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A scholarship endowment is a fund a college uses to pay for scholarships. The fund may be general in nature or it could cover a specific scholarship, depending on how the institution sets it up. Colleges rely on such funds to provide financial assistance to needy or deserving students, and the money is subject to special tax treatment, allowing colleges to invest it to grow the endowment while enjoying reduced tax liability.
When a college or university creates a scholarship endowment, it has to designate the funds for scholarship use. Sources can include donors to the college, internal funds, and grants from community agencies or governments. The college has the right to invest the money to increase the size of the endowment over time and can supervise this process or turn it over to an investment manager who will handle the funds appropriately.
To qualify for tax breaks, the college may have to follow some special rules. These can limit the type of investments and may require the college to disburse a set amount out of the fund each year, showing that it is being used for scholarships and not other purposes. In some cases a fund may be established to fund a specific scholarship, such as an award given in the name of a particular person or a support fund for students in a given area of study. Other endowment funds are more general.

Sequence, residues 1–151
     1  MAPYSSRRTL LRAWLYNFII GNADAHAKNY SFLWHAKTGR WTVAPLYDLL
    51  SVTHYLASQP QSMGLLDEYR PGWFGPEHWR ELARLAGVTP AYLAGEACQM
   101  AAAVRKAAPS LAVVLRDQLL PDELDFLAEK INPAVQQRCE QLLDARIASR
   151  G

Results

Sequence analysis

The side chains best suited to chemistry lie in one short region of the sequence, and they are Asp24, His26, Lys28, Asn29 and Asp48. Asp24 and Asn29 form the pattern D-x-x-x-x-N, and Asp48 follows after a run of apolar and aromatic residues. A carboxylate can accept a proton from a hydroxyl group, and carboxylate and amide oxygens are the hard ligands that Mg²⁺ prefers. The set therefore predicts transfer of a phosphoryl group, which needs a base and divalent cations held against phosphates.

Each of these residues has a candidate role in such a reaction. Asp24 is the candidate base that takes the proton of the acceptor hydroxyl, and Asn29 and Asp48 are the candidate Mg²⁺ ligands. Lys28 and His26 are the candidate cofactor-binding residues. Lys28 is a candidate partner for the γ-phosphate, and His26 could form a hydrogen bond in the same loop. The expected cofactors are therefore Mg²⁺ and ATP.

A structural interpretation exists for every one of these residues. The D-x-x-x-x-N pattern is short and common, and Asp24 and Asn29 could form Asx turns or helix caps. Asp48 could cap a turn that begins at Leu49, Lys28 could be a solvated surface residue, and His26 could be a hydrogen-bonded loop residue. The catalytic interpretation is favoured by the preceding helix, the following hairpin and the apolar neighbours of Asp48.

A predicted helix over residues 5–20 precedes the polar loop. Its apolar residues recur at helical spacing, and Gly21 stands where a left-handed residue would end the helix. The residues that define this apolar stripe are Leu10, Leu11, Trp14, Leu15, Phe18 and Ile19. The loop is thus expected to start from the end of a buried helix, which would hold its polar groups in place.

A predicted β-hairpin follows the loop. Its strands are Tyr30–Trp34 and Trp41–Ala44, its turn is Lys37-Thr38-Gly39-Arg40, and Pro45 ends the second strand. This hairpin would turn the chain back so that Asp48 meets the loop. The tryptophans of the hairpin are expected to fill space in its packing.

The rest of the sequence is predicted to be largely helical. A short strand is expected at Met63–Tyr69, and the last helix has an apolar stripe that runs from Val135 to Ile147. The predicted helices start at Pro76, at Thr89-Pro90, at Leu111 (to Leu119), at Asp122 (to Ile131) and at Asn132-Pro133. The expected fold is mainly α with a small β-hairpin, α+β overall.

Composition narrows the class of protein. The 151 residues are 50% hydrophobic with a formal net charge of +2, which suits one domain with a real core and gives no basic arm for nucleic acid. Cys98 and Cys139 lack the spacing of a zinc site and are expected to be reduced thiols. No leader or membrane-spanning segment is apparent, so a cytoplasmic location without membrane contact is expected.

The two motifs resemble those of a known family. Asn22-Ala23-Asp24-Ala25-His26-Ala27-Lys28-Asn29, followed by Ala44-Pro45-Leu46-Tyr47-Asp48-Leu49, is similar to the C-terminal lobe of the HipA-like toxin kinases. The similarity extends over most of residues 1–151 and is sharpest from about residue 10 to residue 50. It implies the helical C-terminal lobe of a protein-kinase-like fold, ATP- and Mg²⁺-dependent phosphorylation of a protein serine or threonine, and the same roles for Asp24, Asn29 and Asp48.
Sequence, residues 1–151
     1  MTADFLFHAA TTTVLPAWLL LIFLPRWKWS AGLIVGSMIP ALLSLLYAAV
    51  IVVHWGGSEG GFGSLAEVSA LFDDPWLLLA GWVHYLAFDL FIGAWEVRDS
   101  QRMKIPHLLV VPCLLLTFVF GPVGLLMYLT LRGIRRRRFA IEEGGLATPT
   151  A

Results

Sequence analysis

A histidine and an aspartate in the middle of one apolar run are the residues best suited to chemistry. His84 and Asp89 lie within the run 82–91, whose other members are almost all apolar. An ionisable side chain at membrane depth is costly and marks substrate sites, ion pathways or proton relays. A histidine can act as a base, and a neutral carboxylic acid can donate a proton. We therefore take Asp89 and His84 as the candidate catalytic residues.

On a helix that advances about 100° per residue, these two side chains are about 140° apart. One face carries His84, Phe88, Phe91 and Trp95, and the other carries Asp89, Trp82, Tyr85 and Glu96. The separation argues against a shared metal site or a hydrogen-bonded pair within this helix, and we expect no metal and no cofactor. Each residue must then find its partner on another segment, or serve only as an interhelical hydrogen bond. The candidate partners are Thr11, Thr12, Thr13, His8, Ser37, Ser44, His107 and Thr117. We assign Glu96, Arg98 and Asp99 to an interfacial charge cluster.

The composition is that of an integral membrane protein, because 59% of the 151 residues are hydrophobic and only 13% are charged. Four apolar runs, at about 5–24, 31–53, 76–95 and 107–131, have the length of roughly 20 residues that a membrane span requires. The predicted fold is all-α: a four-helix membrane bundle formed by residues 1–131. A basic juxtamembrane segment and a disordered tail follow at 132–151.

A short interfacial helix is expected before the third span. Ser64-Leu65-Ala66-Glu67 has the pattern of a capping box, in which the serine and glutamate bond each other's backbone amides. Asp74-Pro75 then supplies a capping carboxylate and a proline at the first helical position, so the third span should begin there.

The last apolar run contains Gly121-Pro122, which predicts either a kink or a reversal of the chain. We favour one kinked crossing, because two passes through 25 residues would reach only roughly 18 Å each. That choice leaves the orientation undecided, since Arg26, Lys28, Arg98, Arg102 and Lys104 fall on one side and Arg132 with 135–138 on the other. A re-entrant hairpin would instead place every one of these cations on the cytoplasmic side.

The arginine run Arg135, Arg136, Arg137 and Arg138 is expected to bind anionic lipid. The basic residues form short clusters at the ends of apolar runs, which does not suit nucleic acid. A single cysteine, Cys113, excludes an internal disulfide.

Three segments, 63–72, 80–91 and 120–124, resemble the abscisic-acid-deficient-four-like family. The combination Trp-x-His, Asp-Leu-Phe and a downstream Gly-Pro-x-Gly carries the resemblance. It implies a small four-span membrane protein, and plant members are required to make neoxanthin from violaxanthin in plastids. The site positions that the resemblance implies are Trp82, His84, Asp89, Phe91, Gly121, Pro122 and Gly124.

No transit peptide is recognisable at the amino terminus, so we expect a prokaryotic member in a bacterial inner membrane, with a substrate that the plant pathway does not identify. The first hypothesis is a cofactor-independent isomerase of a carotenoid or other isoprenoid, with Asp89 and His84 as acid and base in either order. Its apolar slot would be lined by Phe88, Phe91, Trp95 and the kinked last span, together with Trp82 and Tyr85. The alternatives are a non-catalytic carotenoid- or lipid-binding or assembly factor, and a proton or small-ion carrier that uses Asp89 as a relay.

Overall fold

To access scholarships, students fill out applications, and financial aid officials or members of a review committee determine if they are eligible and decide who to grant funds to. Disbursements from the scholarship endowment fund usually go to the financial aid office, which may deposit the money in the student's account, or use it directly to pay housing, tuition, and other costs, depending on the structure of the scholarship. Some require students to use the money only for direct academic expenses, and the students may never handle the money themselves.
The size of a scholarship endowment can vary. Colleges accountable to members of the public, like state universities in the United States, must distribute information about the condition of their endowments, including disclosures of whether funds grew or shrank in a given fiscal year. Private schools do not have this obligation, but may issue an annual report for donors providing information about the college and including a discussion of the health of the scholarship endowment fund, with the goal of encouraging donors to give.
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